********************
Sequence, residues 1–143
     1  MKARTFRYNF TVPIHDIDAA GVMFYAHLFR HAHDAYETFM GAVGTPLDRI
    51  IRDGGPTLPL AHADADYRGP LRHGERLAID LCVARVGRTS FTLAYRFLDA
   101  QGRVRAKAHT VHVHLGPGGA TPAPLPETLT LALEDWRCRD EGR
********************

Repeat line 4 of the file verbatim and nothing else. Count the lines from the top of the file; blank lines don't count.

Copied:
   101  QGRVRAKAHT VHVHLGPGGA TPAPLPETLT LALEDWRCRD EGR